@AndyShore From the bottom of my heart, I want to sincerely thank Umphrey’s McGee. Not just for one of the single best Umphrey’s shows I’ve ever seen. Not even just for the last ten years of Umphrey’s shows I’ve seen (2/2/02 was my first – I had to use a fake ID to get into an 18+ show). Thank you, because every single time I see an Umphrey’s show, whether it’s in Chicago, Los Angeles or anywhere else, I feel at home. I’m always seeing a band I love, surrounded by people I love. My friend told his girlfriend, who was seeing the band for her first time, that it would be a lot like the Rush scene in I Love You, Man. It so was, and I am not at all ashamed of that fact. I had a great time.
Amazingly, it doesn’t even end there. When I look back, Umphrey’s McGee made me a smarter music fan. Their complex brand of progressive rock and improvisation forced me to be more aware of every layer of sound, time and key changes and what it meant to control a crowd’s energy with the ebb and flow of music. I paid attention in my music theory class in college, because I wanted to understand more of what was going down onstage (I would have probably learned even more had my teacher not issued an open note test and doing homework as a class policies).
The show Saturday night was a perfect example of all of this. Two expertly constructed sets and one of the best Umphrey’s McGee encores I’ve ever seen. My single favorite Umphrey’s song to see live in “All in Time” and an absolutely ridiculous “You Can’t Always Get What You Want” with the Chicago Mass Choir (CMC). The opening line from the choir triggered a deafening roar from the crowd and shook the Aragon Ballroom. Sigh…I’m getting ahead of myself.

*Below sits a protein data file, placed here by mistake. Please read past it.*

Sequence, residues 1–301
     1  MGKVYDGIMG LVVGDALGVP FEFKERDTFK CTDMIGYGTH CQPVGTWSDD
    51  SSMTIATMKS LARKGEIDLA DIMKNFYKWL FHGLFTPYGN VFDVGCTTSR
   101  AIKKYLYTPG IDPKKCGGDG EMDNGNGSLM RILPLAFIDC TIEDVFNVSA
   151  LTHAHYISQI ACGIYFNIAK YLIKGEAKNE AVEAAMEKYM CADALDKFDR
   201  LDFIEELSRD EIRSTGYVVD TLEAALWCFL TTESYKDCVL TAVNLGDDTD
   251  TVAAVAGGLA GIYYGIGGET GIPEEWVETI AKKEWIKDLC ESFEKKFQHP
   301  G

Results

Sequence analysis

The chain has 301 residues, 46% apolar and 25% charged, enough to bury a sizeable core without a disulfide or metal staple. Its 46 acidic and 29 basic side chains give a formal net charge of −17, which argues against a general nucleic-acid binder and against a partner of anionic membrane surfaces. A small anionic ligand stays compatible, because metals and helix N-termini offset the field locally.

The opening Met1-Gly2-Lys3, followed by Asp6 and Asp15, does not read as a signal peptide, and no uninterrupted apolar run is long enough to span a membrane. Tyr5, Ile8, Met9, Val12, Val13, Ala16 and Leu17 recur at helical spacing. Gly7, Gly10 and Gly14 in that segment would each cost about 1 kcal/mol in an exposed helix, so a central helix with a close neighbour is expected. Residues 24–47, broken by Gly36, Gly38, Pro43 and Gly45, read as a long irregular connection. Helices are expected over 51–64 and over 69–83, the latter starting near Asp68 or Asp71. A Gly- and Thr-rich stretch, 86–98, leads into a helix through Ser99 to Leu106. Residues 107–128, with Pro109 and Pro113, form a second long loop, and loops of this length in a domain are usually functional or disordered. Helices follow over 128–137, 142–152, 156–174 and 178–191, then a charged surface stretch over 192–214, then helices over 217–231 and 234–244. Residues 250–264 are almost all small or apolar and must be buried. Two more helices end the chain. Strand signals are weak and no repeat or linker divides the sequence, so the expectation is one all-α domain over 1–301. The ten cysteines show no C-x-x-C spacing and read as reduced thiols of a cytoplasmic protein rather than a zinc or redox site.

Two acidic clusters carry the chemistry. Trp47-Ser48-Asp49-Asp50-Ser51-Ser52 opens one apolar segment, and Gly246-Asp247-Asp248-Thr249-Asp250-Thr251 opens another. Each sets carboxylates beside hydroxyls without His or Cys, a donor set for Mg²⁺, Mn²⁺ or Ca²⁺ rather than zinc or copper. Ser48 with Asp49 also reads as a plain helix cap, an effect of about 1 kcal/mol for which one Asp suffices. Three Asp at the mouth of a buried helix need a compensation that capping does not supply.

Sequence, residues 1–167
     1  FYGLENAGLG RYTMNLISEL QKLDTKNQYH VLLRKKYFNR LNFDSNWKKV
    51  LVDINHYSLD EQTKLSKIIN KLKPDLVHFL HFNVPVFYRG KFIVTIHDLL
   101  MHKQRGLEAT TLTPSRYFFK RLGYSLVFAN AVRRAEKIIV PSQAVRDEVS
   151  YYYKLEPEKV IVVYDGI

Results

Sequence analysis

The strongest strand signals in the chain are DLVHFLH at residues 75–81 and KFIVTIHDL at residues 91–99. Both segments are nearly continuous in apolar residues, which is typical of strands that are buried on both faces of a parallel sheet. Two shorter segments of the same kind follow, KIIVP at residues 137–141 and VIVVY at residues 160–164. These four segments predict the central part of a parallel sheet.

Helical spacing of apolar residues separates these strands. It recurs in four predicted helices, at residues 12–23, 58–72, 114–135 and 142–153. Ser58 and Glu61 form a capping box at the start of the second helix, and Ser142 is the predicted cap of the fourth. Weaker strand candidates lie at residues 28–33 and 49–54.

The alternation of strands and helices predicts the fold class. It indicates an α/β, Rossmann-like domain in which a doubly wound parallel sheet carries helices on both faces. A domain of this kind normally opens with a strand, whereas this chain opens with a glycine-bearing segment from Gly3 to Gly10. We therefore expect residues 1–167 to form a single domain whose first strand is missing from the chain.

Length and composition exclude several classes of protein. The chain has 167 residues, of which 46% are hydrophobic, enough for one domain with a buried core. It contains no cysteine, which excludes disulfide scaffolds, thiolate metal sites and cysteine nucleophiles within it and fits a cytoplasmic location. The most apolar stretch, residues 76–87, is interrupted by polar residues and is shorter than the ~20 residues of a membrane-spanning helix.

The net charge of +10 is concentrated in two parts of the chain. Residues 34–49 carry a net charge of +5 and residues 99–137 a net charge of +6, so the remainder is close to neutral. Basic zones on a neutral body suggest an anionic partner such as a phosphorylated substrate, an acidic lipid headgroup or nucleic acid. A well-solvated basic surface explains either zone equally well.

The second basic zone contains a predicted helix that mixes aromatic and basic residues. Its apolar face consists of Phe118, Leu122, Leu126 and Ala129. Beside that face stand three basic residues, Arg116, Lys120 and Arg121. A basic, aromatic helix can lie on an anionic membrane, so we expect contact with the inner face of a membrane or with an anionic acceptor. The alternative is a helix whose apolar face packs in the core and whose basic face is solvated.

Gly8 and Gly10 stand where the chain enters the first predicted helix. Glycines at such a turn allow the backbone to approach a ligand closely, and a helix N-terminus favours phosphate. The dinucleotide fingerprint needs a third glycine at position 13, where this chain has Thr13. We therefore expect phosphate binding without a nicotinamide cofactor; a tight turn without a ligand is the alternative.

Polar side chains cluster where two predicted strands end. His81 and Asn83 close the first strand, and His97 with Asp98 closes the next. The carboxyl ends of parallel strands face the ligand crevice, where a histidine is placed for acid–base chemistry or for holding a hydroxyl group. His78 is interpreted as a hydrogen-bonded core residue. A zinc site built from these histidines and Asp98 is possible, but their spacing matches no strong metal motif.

“Bridgeless” early on in set one was one of the songs my friends and I excitedly discussed wanting to hear (see…I Love You, Man). The “Take Me Home” tease in the middle of “Bright Lights, Big City” put the first Cheshire grin on my face. I was left hands on head, knowing that being back home playing in front of their hometown crowd meant as much to the band as it meant to me to be there. The “Hajimemashite” with Allie Kral (Cornmeal) would have been enough (Dayenu) to end the first set. Then they played “40s Theme.” Amen.
Speaking of amen…set two brought the first appearance of the CMC. Not before a “Miami Virtue” that included the Miami Vice pastel pink and blue lights to remind you that Waful is as smart and witty as he is talented. I had guessed “Booth Love” would include the CMC. Instead, they took their places for the only version of “Bullhead City” I’ll ever want to listen to again. “Glory” was already the single most beautiful and uplifting piece of music Umphrey’s McGee has to offer…and then they sandwiched it with “Amazing Grace” sung by the CMC.
Watch the videos. See why I am so thankful that his band has been a part of my life for the last decade. Follow as Umphrey’s McGee continues to push forward. It can be seen in their recent demonstration at the Apple Store and their recognition for their use of technology on CNN.com. I anxiously await to see where this band will go next.
I had a lot to be thankful for this Thanksgiving. Health, happiness, family and friends. I’m far too shy to write this unabashedly about those things in a public forum. Instead, I will offer these thoughts on one of my favorite bands around…and hope all my friends and family know that my feelings are even greater for them.